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Motion to Revoke in Texas

When a person is convicted of a crime, probation, also known as community supervision, may be sentenced. This can be second chance for the accused. The probation sentence has certain conditions, ordered by the judge, for a specific amount of time. Depending on the circumstances this may include community service, a rehabilitation program and/or meeting on a scheduled basis with a probation officer. Fines and court fees may be a part of the conditions. Unfortunately, the importance of following probation is misunderstood by offenders. If the probation is seen to be in violation, meaning the accused is not living up to the terms that were granted by the judge, the case can be handed back to the court for a new sentence. This process is called a Motion to Revoke probation.

When the specifics of the parole are not followed, it is often called “breaking” parole, whether it is intentional, or not. Breaking parole may involve not paying a fine or paying past the day that it is due. The offender may have missed a scheduled meeting with their probation officer. The reasons could also be much more serious in nature. Whatever the reasons may be, an Attorney should be called immediately so they can assist if the probation is seen to be in violation.

We have very limited rights in Texas when it comes to a Motion to Revoke hearing and the consequences can be harsh. When the offender goes to court this time around they will not be granted the right to a jury trial and the court does not have to prove within a reasonable doubt that the probation was in fact violated. The court will instead look at the \”preponderance of evidence\”. What this means is that the accuracy or truth of the evidence against the offender will be considered, not the amount of evidence against them. One single negative claim can quickly change the sentencing completely.

The accused is entitled to a hearing, before the probation is revoked. It is extremely important that the offender has a Criminal Defense Lawyer representing him or her at the hearing to that the case can be presented to the judge in the most effective way. The Attorney may be able to explore other options instead of the court revoking probation. A proficient Lawyer may be able to negotiate an extension on the probationary period, additional therapy treatments or the addition of extra fines. A veteran law professional can help discuss all of the options available.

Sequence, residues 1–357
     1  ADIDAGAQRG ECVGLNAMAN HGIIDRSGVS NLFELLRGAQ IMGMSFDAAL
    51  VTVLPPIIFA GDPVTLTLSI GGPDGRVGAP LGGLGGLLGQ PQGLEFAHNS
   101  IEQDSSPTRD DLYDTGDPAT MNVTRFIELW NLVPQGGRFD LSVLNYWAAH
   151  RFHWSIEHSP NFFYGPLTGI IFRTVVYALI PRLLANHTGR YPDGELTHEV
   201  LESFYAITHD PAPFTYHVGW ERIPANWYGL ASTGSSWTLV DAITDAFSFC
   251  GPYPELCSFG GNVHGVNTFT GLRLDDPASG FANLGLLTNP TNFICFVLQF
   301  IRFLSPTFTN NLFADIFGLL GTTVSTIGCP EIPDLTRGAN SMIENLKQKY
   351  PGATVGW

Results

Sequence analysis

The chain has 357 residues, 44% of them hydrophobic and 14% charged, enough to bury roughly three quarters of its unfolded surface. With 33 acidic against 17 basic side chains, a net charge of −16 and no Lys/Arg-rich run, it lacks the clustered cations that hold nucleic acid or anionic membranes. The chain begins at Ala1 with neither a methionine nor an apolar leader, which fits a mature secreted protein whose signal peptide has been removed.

Occasionally bond has not yet been set for a Motion to Revoke case. If this is the case the accused may be able to bond out of jail to await the hearing. This can result in having to pay a large amount of money, but your Attorney may attempt to lower the figure by requesting a hearing.

Now, what are the possible consequences of breaching a probationary contract? The answer is not the same for everyone. The accused may be faced with the reality of dealing with the sentence from the original offense, which may include jail or prison time. If the offender is placed on probation and is arrested, they are required to report this within 48 hours of being released from jail. Getting arrested is not enough to revoke the probation unless the court can prove by the “preponderance of evidence” that a new offense was committed. At this point the offender may be facing additional charges.

Probation is not to be taken lightly, but in many instances the offender does not comprehend the gravity of following ALL of the conditions of the sentencing. Laws are in place to protect our communities and to discipline the offender for not acting as a law abiding member of society. The simple truth is that probation is for everyone and some find it easier to just deal with the original sentence. Whatever the circumstances might be, call an Attorney as soon as possible. A Criminal Defense Lawyer can assist by clarifying all of the ins and outs of Probation Revocation and all of the different options that exist.

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